State Department Acts to Block Iraq War Bush-Blair Communications from British Report
A British inquiry into how the government of the United Kingdom decided to join the U.S. invasion of Iraq in 2003 is being held up by officials in the White House and the U.S. State Department, which have refused to allow the publication of secret documents revealing conversations between former President George W. Bush and former Prime Minister Tony Blair.
A group consisting of British diplomats, politicians and academics has spent four years—at a cost of nearly $13 million—reviewing Britain’s choice to attack Iraq. But the inquiry’s leader, Sir John Chilcot, has been unable to publish its final report because of the British government’s refusal—at the behest of American officials—to disclose pre- and post-war communications between the White House and the Prime Minster’s Office.
“Without permission from the US government, [Prime Minister] David Cameron faces the politically embarrassing situation of having to block evidence, on Washington’s orders, from being included in the report of an expensive and lengthy British inquiry,” wrote James Cusick of The Independent.
The Independent reported earlier this year “that early drafts of the report challenged the official version of events leading up to the Iraq war,” Cusick wrote.
A senior diplomatic source told the newspaper that the documents in question are not Britain’s “property to disclose” and that “Chilcot, or anyone in London, does not decide what documents relating to a US President are published.”
Some British politicians have expressed outrage over the report’s delay and the withholding of the documents.
Sir Menzies Campbell, the Liberal Democrats’ foreign-affairs spokesman and a critic of the war, called the stalling “intolerable,” adding: “The full story need[s] to be told.”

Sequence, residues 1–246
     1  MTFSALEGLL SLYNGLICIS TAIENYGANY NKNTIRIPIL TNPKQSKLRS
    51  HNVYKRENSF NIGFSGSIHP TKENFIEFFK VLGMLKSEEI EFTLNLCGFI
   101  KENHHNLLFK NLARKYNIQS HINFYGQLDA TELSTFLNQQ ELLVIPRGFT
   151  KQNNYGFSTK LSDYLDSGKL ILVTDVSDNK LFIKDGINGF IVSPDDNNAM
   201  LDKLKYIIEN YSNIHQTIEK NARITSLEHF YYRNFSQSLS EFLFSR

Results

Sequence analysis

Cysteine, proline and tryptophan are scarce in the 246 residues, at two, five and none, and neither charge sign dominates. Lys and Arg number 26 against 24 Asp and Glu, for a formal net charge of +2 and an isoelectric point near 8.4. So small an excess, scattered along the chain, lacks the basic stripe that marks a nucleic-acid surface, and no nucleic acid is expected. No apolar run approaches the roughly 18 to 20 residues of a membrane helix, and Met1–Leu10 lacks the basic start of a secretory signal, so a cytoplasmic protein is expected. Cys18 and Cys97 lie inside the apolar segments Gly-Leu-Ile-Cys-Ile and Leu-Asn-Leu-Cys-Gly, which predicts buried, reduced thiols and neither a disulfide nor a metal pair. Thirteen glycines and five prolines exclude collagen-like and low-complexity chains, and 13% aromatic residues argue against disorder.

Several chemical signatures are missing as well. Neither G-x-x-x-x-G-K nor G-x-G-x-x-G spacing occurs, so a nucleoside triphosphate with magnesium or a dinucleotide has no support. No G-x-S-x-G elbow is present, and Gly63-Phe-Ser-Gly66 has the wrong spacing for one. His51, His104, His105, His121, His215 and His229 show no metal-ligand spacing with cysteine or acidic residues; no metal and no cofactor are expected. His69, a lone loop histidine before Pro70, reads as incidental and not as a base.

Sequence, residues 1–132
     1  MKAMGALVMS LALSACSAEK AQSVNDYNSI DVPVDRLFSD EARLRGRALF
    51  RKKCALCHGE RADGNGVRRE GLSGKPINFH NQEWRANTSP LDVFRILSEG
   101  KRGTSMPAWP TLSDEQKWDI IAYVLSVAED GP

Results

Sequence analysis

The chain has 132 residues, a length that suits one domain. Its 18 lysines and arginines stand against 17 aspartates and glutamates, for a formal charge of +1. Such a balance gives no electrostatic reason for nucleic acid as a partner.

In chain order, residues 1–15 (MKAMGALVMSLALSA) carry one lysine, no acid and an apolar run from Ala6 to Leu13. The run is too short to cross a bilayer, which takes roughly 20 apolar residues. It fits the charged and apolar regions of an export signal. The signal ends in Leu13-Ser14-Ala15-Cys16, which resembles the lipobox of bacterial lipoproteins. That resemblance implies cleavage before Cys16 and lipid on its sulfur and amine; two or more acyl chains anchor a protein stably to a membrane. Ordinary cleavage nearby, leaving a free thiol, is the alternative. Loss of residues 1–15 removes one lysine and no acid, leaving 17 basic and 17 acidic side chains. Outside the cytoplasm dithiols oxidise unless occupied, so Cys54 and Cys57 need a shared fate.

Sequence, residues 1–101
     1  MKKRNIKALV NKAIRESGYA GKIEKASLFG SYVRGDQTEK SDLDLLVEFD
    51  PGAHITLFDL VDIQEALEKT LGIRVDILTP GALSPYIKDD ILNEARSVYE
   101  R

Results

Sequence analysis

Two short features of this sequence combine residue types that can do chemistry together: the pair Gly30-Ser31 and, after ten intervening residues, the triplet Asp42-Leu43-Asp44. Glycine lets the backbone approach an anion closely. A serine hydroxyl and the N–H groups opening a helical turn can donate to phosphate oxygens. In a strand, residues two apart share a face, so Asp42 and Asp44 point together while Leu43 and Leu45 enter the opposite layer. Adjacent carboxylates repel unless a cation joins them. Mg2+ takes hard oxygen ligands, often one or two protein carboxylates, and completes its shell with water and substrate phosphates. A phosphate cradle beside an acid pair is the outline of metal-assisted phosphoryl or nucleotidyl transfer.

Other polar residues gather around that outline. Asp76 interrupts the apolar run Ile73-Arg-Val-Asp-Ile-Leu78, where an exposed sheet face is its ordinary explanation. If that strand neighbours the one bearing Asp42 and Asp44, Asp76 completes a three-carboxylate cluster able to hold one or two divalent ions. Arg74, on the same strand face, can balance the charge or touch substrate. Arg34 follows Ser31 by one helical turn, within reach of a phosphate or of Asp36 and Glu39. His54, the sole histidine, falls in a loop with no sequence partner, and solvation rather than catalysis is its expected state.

Chilcot, a former diplomat who previously investigated intelligence on Iraq’s supposed weapons of mass destruction as part of the Butler Review, has worked on the review with Sir Roderic Lyne, former British ambassador to Russia; Sir Lawrence Freedman, professor of war studies at King’s College London; and Baroness Prashar, a former member of Parliament’s Joint Committee on Human Rights.
To Learn More:
US Blocks Publication of Chilcot’s Report on How Britain Went to War with Iraq (by James Cusick, The Independent)
Bush Invaded Iraq on a Mission from God (by David Wallechinsky, AllGov)
Should George W. Bush be Tried for War Crimes? (by David Wallechinsky, AllGov)
- Top Stories
- Unusual News
- Where is the Money Going?
- U.S. and the World
- Appointments and Resignations
- Latest News
- Victories against Voter ID Laws in the Courts Don’t Always Erase Voting Restrictions at the Polls
- Whistleblower Alleges Culture of Intimidation at Pentagon’s Contract Auditing Agency
- Pentagon’s Focus on Artificial Intelligence in Weaponry Portends Robot Arms Race
- Judge Orders ExxonMobil to Release Financial Records in Climate-Change Fraud Investigation
- Utah School System Sued for Abusive Policies toward Gay Students